The pound edged sharply lower against its major rivals on Wednesday after the Bank of England said that the inflation in the U.K. would stay above 2 percent in the next 2 years.
This was in contrast to what the Central Bank and its policymakers had said in April that inflation to fall back to the 2 percent target by the end of this year.
Bank of England policymaker Adam Posen said last month that the Bank of England has 'serious' worries over inflation and the central bank's big concern is core inflation that excludes indirect taxes and energy prices.
Hovering stubbornly above the 2 percent target, inflation rose to 3.5 percent in March driven by higher food and clothing prices. The core inflation figure has been above 3 percent for much of last year.
The BoE said prospects for U.K. growth remain unusually uncertain. Governor Mervyn King said the economy will continue to face headwinds during the forecast period.
According to King, the challenges within the euro area is the single biggest threat to the recovery. King said the path of recovery is likely to be slow and uncertain.
Meanwhile, Jobless claims in the UK fell unexpectedly in April, the latest figures from the Office for National Statistics showed today. However, the fairly encouraging figure was less supportive to the pound.
The claimant count in April was 1.59 million, down 13,700 from the previous month. Economists expected an increase of 5,000. The previous month's change was revised to show a decrease of 5,400 from gain of 3,600 reported earlier. The claimant count rate was unchanged at 4.9 percent. Economists expected an increase to 5 percent.
The unemployment rate during the three months through March fell by 0.2 percentage points from the previous three months to 8.2 percent. Economists had forecast the rate to be at 8.4 percent. The number of unemployed persons totaled 2.63 million in the March quarter, down 45,000 from previous three months.
European stocks are trading lower as the political impasse in Greece deepened Europe's sovereign debt crisis. With European leaders getting ready to survive a Greek exit, investors now turn their focus to other weaker eurozone members like Spain and Italy, which remain at the forefront of the crisis due to rising bond yields.
U.K.'s FTSE 100 Index is currently down 1.02 percent, France's CAC 40 is trading lower at 0.15 percent and Germany's DAX is currently down 1.03 percent.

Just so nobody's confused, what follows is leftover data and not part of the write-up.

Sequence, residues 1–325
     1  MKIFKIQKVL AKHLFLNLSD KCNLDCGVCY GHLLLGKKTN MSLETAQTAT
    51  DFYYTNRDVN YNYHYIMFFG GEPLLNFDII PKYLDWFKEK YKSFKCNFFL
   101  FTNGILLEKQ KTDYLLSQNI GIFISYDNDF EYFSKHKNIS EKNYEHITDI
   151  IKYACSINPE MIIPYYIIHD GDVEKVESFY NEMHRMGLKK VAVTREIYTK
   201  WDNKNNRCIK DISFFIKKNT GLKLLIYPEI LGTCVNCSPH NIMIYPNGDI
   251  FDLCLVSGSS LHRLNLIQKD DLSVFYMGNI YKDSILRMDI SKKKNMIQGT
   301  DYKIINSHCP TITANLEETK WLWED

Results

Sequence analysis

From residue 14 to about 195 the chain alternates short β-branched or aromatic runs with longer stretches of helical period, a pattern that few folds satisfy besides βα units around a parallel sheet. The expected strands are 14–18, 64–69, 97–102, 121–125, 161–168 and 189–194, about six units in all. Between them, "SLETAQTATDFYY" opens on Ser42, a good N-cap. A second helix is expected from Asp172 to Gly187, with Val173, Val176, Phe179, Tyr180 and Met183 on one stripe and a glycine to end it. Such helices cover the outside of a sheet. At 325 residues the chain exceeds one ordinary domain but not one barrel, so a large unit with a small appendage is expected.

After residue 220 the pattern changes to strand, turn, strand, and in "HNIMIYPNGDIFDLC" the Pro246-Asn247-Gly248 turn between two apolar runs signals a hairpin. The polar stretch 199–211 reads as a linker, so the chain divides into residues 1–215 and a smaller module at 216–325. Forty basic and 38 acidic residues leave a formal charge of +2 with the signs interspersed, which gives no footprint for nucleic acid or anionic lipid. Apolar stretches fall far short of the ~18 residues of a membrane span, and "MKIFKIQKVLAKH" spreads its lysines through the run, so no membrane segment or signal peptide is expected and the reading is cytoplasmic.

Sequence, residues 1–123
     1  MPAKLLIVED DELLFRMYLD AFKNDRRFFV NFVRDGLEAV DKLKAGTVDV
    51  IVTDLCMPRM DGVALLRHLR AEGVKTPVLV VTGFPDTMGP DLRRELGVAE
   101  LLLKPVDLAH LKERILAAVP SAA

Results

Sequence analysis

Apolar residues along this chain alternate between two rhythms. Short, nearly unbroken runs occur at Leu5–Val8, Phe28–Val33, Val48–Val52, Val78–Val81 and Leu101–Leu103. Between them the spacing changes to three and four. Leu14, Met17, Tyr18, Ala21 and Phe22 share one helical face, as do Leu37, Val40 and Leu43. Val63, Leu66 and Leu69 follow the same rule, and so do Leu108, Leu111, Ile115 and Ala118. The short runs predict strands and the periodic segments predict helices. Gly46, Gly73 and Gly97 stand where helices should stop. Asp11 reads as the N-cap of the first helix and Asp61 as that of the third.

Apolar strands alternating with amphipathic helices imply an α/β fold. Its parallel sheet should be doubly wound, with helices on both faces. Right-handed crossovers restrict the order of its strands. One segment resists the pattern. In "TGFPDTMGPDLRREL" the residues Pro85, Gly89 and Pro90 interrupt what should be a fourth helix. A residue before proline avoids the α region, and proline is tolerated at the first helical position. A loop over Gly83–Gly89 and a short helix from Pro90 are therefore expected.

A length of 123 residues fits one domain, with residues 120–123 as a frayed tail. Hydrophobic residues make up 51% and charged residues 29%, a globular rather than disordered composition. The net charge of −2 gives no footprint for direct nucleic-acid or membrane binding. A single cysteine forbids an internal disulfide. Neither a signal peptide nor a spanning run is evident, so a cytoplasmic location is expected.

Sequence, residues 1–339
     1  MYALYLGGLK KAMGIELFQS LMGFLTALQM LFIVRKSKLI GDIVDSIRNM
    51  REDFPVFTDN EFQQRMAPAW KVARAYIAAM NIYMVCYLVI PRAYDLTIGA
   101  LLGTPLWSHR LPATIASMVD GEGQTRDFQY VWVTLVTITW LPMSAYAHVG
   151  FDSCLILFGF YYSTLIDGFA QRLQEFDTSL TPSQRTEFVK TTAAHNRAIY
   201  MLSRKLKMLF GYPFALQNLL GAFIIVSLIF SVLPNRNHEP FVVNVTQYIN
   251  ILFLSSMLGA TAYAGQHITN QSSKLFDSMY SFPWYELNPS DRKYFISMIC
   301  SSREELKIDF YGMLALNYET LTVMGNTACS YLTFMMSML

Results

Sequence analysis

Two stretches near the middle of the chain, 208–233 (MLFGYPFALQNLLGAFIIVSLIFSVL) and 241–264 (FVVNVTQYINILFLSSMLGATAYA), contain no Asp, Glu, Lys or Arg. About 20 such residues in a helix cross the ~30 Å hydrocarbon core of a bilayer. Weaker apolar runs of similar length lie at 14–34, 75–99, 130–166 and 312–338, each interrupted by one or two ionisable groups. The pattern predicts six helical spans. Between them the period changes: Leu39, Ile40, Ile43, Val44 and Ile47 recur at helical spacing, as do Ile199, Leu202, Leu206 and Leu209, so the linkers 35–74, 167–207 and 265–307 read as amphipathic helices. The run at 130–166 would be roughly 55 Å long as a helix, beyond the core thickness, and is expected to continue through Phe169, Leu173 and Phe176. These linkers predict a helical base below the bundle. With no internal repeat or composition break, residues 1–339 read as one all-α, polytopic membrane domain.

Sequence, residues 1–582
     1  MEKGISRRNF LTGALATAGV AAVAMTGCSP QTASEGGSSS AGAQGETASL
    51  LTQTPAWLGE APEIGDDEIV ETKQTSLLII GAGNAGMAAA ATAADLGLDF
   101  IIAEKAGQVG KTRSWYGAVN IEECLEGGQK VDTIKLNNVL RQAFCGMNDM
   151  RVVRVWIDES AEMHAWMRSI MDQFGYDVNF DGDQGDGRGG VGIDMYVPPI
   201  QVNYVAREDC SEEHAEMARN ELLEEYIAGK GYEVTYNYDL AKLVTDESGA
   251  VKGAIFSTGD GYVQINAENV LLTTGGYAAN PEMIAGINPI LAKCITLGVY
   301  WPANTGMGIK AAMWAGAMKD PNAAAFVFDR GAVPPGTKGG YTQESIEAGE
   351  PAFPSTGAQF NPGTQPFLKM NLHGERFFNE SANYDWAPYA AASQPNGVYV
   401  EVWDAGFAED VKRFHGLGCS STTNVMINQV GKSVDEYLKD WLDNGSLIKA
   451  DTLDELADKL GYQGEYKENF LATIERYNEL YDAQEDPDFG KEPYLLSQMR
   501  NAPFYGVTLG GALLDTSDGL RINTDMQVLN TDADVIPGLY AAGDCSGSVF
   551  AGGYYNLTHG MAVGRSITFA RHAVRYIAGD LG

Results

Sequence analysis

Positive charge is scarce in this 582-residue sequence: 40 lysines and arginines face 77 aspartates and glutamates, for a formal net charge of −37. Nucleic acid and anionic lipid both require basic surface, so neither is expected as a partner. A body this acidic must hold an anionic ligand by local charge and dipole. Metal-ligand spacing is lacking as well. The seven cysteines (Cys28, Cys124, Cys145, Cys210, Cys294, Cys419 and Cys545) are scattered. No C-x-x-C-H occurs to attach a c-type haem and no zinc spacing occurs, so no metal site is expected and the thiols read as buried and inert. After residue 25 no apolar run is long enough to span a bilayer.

The pound erased much of Asian session gains against the euro, retracing to above 0.80 around 5:30 am ET from a fresh multi-year high of 0.7952 hit around 2:45 am. The near-term support for the sterling is seen around the 0.8015 level.
The Eurozone trade surplus increased notably to EUR 8.6 billion in March from EUR 2.3 billion in February, Eurostat reported today. The surplus was well above the consensus forecast of EUR 4 billion.
Seasonally adjusted exports fell by 0.9 percent month-on-month, reversing the 2.2 percent increase in February. Likewise, imports dropped 1.1 percent after expanding 3.2 percent.
The eurozone annual inflation for April was confirmed at 2.6 percent, down from 2.7 percent in March, final data from Eurostat showed today. Nonetheless, inflation continues to stay above the European Central Bank's 'below, but close to 2 percent' target. Monthly inflation was 0.5 percent in April.
Against the Swiss franc, the British currency reached as low as 1.5019 around 5:30 am ET. The pound-franc pair is presently worth 1.5030 with 1.4990 seen as the next likely support level.
Investor confidence in Switzerland deteriorated significantly in May, after improving in the previous month, data from a survey by Credit Suisse and the Center for European Economic Research (ZEW) showed today.
The headline index, which reflects expectations of the surveyed financial market experts regarding Switzerland's economic development in a six-month time horizon, fell to -4 in May from 2.1 in April. In March, the index showed a flat reading.
The pound fell to 1-month lows of 127.73 against the yen and 1.5891 against the dollar after the inflation report. The next likely support levels for the pound-yen and pound-dollar pairs are seen at 127.15 and 1.5860, respectively.
The Japanese yen weakened after data showed Japanese core machinery orders fell for the first time in three months in March. Core machine orders in Japan contracted a seasonally adjusted 2.8 percent on month in March to a value of 746.3 billion yen, the Cabinet Office said today.
The headline figure beat forecasts for a contraction of 3.5 percent following the downwardly revised 2.8 percent increase in February and the 0.7 percent gain in January.
On a yearly basis, core machine orders fell 1.1 percent - well shy of expectations for a gain of 4.4 percent after climbing 8.9 percent in the previous month.
Looking ahead, the US housing starts, building permits and industrial production-all for April and the Federal Reserve's minutes of its monetary policy meeting held on April 24-25 are expected to garner market attention in the New York session.
by RTT Staff Writer
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